What is optical audio?

The Laser Light Show, or Tangled Up in Blu-ray

As anyone who has lived with a bad landline connection or a weak signal from the cable box can tell you, signal degradation can really ruin your day.

Copper, which still provides the core of most wiring, can suffer significant signal degradation over distance. Coaxial cable -- used to transmit television, telephone and computer network signals -- comes packed with shielding to prevent signal bleed-off, but losses due to electrical resistance still weaken the signal over distance. Shielded audio cables include some protection from outside noise, but suffer the same resistance issues [source: National Instruments].

Luckily, we have fiber optics.

Fiber-optic cables offer the kind of low signal loss and high data rates that telephone and Internet users demand by transmitting information as light through thin plastic or glass wires. These cables have total internal reflectance, meaning that light bounces along inside them without escaping. Glass fibers can transmit such "lossless" signals over great distances without needing a power boost [sources: Encyclopaedia Britannica; Wood].

By the same token, optical audio delivers higher-quality sound than older copper-wire connectors by converting electrical signals to light and piping them through optical fiber.

The age of optical audio dawned in the 1980s, when Toshiba created Toslink, the first optical audio cable. The Japanese electronics company had developed its own compact disc player and was looking for a way to output the improved digital audio quality to speakers and headphones. Appropriately, Toshiba chose an optical solution for CDs, an optical storage medium [sources: Modern Home Theater; Toshiba].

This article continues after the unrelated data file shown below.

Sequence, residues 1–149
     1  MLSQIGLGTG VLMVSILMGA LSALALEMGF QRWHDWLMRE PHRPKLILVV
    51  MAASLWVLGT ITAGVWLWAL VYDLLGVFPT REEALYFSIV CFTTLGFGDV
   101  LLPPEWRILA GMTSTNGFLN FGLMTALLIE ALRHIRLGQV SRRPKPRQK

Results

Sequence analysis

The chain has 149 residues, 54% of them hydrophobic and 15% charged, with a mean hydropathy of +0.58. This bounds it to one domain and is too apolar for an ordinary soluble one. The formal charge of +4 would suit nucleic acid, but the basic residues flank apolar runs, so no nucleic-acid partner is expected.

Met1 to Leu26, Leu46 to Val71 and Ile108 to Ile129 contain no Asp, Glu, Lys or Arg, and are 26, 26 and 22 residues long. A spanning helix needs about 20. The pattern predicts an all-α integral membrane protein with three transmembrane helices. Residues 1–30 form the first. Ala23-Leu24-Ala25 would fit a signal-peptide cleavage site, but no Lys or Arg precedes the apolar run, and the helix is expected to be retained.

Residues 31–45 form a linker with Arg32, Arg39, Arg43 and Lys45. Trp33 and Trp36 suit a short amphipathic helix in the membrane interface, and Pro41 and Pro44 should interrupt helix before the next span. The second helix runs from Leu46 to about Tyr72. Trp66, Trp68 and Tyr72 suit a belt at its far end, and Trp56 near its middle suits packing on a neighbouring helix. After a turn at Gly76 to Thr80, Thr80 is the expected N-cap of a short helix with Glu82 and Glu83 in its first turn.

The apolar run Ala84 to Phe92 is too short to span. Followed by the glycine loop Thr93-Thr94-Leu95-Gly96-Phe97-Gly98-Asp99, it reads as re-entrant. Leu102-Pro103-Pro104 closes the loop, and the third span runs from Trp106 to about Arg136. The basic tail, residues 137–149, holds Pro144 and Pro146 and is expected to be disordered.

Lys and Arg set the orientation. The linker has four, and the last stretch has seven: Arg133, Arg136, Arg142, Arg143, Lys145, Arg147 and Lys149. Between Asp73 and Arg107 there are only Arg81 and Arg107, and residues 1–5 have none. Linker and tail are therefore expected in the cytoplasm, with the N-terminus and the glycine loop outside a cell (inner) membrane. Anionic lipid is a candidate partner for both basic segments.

In an optical audio setup, the digital electrical signal from the source -- say, a DVD player -- is converted into light by a device called a transmission module. In Toslink, this module consists of an LED, or light-emitting diode, and a drive circuit, usually sent through plastic fiber, whereas ST Fiber Optic uses glass fiber and a red laser light at a 680-nanometer-wavelength [sources: Modern Home Theater; Toshiba]. The signal then speeds along the optical cable to the destination device, usually a television or audio receiver, where a light reception module converts it back into a digital electrical signal. From there, the device transmits it to your speakers or headphones.

Because it sends only sound, an optical audio cable is usually used with a video-only cable, such as DVI (Digital Visual Interface) or S-video.

So, what's the catch? Well, optical cables tend to be somewhat brittle, and the plastic ones are not as lossless as their glass counterparts. The reconversion of light into an electrical signal has been known to introduce errors. More to the point, however, some argue that HDMI (see sidebar) has rendered the format moot [source: Johnson].

Who is right? As with most arguments among audiophiles, the truth is in the ear of the listener.